With every day that passes, it becomes likelier that the U.S. will get more deeply involved in the Syrian conflict. The most recent use of chemical weapons by the Assad regime has galvanized international support for some sort of military intervention. While there have been unconfirmed reports that the CIA has been covertly arming the Syrian rebels, the chance that this will become official policy is now very real.
American warships are reported to be moving into position to launch cruise missile attacks on Syrian military targets. According to a statement released by British Prime Minister David Cameron’s office, both he and President Obama had “reiterated that significant use of chemical weapons would merit a serious response from the international community and both have tasked officials to examine all the options.”
While it is important to, as Downing Street said, “[uphold] the prohibition on the use of chemical weapons and [deter] further outrages,” the question of whether it is really wise to get deeply involved in this conflict is, in fact, the one in front of the international community.
The hesitance of the administration is understandable. The last two Middle East conflicts in which the U.S. officially chose a side ended in disaster. The removal of Gadhafi in Libya created a power vacuum that allowed for the mismanagement which ultimately led to the Benghazi terror attack. And when former ambassador to Egypt Frank Wisner was sent as an envoy to Hosni Mubarak to tell him not to run for reelection, and the State Department noticeably backed away from the Egyptian president — these actions paved the way for the Muslim Brotherhood, resulting in the utter chaos that envelops Egypt until today.
So what would be the best way forward in Syria? The argument to arm and assist the rebels is a compelling one — if it were not for a few inconvenient truths. Senator John McCain, noted interventionist, is one of the loudest voices calling for no-fly zones and arms for the rebels. In late May, McCain paid a visit to Syria and met with high-ranking “Free Syrian Army” leaders, as a way to promote his position. It ended up hurting his cause, however, when it turned out that one of the men with whom he was photographed was Mohammad Nour, a terrorist who was identified by men in whose kidnapping he had been involved. It served to illustrate that much as in Libya — where rebel commanders now admit their fighters are aligned with al-Qaida — putting too much trust in the rebels is an act of folly.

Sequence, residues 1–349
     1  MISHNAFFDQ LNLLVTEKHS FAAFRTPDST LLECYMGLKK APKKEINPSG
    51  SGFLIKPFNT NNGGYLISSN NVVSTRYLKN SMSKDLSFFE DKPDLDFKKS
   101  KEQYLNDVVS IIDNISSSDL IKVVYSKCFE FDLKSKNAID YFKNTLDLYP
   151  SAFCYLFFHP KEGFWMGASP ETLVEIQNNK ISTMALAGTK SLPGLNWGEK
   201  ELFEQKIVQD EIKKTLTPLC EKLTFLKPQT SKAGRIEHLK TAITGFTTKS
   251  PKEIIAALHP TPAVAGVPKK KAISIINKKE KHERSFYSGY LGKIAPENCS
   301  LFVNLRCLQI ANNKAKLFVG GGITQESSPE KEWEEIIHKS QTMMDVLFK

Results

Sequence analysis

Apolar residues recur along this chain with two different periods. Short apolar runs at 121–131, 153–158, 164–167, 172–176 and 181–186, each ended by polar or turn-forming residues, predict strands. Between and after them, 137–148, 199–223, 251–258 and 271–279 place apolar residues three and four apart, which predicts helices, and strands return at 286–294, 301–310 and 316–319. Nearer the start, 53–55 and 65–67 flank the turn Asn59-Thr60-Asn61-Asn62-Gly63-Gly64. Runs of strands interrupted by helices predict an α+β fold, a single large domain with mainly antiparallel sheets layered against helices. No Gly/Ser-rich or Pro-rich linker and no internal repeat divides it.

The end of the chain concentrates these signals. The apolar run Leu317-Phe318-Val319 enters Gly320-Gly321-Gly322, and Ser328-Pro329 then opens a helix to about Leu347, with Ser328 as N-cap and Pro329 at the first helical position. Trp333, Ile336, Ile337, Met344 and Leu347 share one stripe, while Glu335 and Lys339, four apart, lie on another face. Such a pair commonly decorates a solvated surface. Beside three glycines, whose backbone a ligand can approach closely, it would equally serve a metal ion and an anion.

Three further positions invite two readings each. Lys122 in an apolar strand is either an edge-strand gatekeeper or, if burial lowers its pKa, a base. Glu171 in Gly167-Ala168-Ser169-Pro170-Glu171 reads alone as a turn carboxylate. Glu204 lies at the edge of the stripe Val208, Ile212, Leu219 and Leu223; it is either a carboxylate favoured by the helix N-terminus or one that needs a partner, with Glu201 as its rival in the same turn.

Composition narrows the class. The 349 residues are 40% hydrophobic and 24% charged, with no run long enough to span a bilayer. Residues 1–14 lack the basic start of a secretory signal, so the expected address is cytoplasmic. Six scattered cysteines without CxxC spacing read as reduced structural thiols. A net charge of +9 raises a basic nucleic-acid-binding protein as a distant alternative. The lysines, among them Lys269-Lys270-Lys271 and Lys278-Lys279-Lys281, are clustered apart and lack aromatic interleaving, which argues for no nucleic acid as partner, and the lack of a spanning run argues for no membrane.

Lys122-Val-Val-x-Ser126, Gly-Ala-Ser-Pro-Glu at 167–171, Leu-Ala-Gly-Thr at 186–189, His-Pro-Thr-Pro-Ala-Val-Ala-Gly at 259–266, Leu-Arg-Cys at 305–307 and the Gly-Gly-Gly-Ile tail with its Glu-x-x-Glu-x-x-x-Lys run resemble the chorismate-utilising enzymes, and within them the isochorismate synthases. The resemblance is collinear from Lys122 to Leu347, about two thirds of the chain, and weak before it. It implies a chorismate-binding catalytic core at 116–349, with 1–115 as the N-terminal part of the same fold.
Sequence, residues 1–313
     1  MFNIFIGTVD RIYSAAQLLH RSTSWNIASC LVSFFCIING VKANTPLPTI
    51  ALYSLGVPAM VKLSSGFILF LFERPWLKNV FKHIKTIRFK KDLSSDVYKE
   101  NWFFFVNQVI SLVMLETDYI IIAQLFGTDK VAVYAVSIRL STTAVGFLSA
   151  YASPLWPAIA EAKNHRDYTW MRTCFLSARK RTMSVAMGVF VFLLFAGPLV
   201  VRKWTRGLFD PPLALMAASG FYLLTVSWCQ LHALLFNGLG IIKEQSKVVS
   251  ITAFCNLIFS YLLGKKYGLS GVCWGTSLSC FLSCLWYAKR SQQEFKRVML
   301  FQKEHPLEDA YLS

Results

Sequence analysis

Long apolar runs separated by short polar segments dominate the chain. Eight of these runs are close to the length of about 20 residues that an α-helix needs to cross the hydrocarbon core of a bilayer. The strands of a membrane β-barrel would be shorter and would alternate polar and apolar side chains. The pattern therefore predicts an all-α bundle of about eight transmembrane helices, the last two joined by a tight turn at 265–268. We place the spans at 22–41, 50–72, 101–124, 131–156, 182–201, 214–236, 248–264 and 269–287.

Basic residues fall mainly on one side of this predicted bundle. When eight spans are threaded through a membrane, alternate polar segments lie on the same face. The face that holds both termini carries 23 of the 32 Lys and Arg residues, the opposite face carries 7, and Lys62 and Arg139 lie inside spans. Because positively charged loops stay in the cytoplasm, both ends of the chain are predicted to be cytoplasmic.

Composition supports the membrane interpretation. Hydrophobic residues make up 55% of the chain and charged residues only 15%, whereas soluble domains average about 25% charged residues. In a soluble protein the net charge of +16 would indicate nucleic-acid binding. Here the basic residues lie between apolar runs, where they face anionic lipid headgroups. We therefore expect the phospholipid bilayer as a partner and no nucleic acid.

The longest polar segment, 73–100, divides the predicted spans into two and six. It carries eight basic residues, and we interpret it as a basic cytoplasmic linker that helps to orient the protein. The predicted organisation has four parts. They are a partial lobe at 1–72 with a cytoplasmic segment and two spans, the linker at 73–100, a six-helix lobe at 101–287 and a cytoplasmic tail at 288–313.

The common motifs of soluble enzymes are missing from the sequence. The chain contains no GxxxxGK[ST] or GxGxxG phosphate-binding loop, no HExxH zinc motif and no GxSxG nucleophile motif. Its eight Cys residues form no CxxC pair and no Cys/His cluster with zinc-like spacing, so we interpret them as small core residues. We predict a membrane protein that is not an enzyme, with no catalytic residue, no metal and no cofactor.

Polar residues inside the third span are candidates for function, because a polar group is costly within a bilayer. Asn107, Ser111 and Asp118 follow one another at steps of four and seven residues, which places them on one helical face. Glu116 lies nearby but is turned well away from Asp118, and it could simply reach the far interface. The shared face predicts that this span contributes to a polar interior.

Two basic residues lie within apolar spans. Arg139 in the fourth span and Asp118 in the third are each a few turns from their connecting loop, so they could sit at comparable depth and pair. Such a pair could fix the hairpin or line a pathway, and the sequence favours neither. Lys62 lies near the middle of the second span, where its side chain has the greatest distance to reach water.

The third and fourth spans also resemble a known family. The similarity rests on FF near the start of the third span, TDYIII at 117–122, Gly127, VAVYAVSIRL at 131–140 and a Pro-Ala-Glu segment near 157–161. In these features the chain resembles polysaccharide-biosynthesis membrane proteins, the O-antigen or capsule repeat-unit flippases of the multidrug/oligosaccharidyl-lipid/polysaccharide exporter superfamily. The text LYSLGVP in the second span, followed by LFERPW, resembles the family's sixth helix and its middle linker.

According to Middle East Forum founder and president Daniel Pipes, the wisest course of action is for the U.S. to support “whichever side is losing, so as to prolong their conflict.” In a series of pieces written as the conflict has unfolded, Pipes quoted the words of Henry Kissinger, who said about the Iran-Iraq war: “It’s a pity they both can’t lose.” The argument made is to prolong the conflict, aiding whichever side needs it more. Pipes himself has supported different sides in the conflict at different times, when it seemed like the other had the upper hand.
Besides weakening the parties involved and keeping them occupied, as was the case in the Iran-Iraq war, the Syrian civil war seems to have split the country into three. The Assad government holds the area running from the southern border with Jordan to the Mediterranean coast. The Islamic rebels control territories spanning Idlib and Aleppo in the north, while the Kurdish minority holds the northeast. According to Jamal Khashoggi, a progressive Saudi journalist, this is ideal. He wrote in al-Hayat, an Arabic newspaper based in London, that “Israel …will benefit from Syria’s division into three weak rival states that will never again represent a strategic threat for Israel.”
There are flaws with Pipes’ argument, but flaws which can easily be addressed. His overall premise is correct — that there is value in prolonging the conflict. However, the fact that it has kept on for this long, and more or less achieved the goal of three Syrian states, undercuts his argument for aiding anyone. The same objective can be, and has been, achieved by staying out of this fight. Staying out of the civil war also avoids the moral issue of taking a hands-on approach to encouraging bloodshed. Many innocent people have lost their lives in this conflict; it need not be by our hands as well.
The West has a responsibility to punish Assad for the use of chemical weapons as a means of deterring future use, but in no way should this be used as an excuse to depose him and put an end to this conflict.